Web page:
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Category Archives: Mohawk

The Meating Place

The other day as I was driving home, I remembered that Steven and I had not planned anything for dinner. This has happened a lot lately, and we’ve either gotten delivery or just not eaten very well. Then I remembered that I drive right by Mohawk Village Market on my way home. We still had macaroni salad that I had made earlier in the week. All I needed was some meat.

A long time ago in this blog, I noted that on the outside of Mohawk Village Market, they advertise themselves as “The Meating Place.” Another sign declares, “You Never Sausage a Place.” I do love a good pun (although some sources say there is no such thing). I had heard from several people that the Market had a good butcher section. I would check it out.

The meat counter runs across the whole back wall. The selection was excellent. I had barely started pondering my choices when a man asked if he could help me. I had been thinking sausage (because of that sign), but some quite beautiful pork chops caught my eye (Steven loves pork chops).

“But they’re so big,” I said.

“So only eat one,” he suggested.

I could probably eat half of one and be content, but I got two. I don’t think our finances are so bad that Steven and I need to be splitting a pork chop for dinner. While the man was wrapping them, I noticed some Spiedie Beef and Pork Chops. I love Spiedie meats! (Although I’m not clear on how to spell “Spiedie” and we have since thrown away the package.) I got the beef, so as not to be getting too much pork.

When I got in line to check out, the other customers were making funny jokes with the cashier. They were obviously all acquainted. I do love a small town atmosphere. I was quite pleased with my purchases. We fried up the Spiedie Beef right away and froze the pork chops for future consumption.

Mohawk Village Market is located at 24 West Main Street, Mohawk, NY. Phone number is 315-866-3344.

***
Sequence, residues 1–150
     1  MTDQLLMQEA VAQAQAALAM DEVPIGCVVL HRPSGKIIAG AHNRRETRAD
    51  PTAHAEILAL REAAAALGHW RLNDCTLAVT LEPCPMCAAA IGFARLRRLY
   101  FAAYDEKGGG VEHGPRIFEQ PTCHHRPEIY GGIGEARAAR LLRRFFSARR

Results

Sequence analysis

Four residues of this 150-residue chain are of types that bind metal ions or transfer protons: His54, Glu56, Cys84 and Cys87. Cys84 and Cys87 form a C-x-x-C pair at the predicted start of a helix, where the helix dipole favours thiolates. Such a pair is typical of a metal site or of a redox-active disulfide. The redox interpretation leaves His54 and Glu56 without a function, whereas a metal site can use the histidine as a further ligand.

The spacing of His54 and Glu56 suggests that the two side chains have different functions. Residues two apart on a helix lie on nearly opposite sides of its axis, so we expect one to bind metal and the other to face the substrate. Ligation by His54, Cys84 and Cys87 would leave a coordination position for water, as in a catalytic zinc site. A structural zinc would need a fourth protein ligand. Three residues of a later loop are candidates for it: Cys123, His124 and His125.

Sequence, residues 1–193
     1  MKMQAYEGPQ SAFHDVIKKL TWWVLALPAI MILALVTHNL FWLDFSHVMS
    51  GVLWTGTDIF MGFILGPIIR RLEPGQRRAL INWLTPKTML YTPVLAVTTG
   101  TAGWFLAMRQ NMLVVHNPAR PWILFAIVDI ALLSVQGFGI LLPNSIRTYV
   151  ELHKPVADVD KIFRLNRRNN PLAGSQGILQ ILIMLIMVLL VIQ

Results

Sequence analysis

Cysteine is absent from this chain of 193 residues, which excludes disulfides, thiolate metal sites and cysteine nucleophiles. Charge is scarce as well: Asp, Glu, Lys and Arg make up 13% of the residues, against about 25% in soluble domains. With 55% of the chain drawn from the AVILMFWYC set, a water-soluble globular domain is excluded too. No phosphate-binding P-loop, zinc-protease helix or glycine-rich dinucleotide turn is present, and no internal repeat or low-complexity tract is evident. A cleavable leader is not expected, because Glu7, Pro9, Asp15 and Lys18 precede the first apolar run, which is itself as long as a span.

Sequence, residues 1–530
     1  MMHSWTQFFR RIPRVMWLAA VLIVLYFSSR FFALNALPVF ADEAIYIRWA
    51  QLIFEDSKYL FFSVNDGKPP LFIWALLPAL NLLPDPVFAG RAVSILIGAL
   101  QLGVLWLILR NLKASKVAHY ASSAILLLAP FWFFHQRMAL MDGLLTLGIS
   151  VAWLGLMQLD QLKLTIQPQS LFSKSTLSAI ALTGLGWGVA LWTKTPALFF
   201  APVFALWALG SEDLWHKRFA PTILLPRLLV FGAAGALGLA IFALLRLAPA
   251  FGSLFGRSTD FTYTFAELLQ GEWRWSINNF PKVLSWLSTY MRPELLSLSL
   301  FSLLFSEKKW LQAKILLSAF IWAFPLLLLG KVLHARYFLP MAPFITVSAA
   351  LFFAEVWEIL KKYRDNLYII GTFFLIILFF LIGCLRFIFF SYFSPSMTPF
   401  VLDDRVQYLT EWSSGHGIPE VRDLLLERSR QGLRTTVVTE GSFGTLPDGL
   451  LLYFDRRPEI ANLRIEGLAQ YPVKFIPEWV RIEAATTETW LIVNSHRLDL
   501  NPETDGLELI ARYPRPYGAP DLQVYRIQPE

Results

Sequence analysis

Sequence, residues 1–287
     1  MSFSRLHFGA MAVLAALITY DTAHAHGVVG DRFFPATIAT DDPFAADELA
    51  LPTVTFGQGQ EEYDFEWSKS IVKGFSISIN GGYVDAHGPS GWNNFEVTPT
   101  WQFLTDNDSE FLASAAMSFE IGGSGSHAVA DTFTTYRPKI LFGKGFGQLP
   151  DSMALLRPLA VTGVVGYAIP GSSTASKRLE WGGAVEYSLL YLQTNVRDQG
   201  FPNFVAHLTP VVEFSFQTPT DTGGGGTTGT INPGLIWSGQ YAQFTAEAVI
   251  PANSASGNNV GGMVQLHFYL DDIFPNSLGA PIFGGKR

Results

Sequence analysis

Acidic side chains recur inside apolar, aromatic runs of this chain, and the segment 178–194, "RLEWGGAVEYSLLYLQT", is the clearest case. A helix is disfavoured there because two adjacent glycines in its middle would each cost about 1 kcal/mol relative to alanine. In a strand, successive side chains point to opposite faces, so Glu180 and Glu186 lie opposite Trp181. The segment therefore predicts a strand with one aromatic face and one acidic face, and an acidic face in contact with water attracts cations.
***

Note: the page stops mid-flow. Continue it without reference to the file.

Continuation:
Final note: I searched “spiedie meats” on my computer when I typed this in. Spiedie is the correct spelling.


Fun Date at the Farmer’s Market

Wednesday was fun because Steven brought me to work and picked me up so we could go to the Mohawk Farmer’s Market. It’s these little breaks in the routine that keep me happy (I know: it takes so little to please some people).

All day at work I told people I had a date. They were suitably impressed. I know some people dress up for a date. I still had on my army camouflage pants and t-shirt which I normally wear to work. I did change my steel-toed work shoes for lighter weight running shoes, for which my feet thanked me. I had had the foresight to put my crazy old lady hat in Steven’s car. Love that wide brim on a sunny day.

Tabby looked very pretty when she and Steven met me after work, because she had been to the groomer. She sported green bows and her usual sweet, happy expression.

Mohawk Farmer’s Market is at Weller Park, next to the Library on Main Street. We easily found a parking space and walked over to peruse the vendors. We purchased two frog magnets from the first booth we came to. You can’t have too many refrigerator magnets, or so I’ve heard.

I was pleased to see Thousand Islands Winery present. I told the guy I had missed them at Ilion Farmer’s Market. He said he would probably be back there for the winter. For the summer months he also does farmers markets in Rome and Whitesboro. I’d like to check those out sometime. I told him how my mom and sisters and I used to go to the old Farmers Market in Rome in the days of the Living Bridge and quite a different looking downtown. He agreed that was a long time ago. I didn’t mention that his winery had been replaced in Ilion by Herkimer’s own Domnhall Vineyards. Probably he would have been pleased to hear it. I don’t know how much rivalry exists between different wineries. I would imagine they could settle their differences over a nice glass of pinot, wouldn’t you?

Moving on down the row of vendors, Steven and I considered some frozen blackberries and lovely bracelets but decided against them. Tabby was interested in some border collie puppies. Steven and I petted them; they were so sweet and silky. But we did not buy Tabby a brother. Tabby got a few pets herself from various shoppers and vendors.

It is a small but fun market. I look forward to seeing if more vendors join as the summer progresses. The Mohawk Farmer’s Market runs from 2 to 5 p.m. every Wednesday. Check it out!

Fun at the Fundraiser

Saturday Steven and I attended a fundraiser to help with medical and living expenses for a gentleman who had suffered a motorcycle accident. The fundraiser was held at the Mohawk American Legion from 1 to 5 p.m. Steven worked till 1:30, so I picked him up and we joined the function already in progress.

I always like these fundraisers. I think they show people at their best: having a good time to help somebody else.

We paid for our admission, got in on the 50/50 raffle, then made a beeline for the buffet. You can always be sure of a good meal at these events. Sausage and peppers, pulled pork, macaroni and cheese, several salads and more. Filling a plate was not difficult; finding a place to sit was. We managed to find two unoccupied chairs.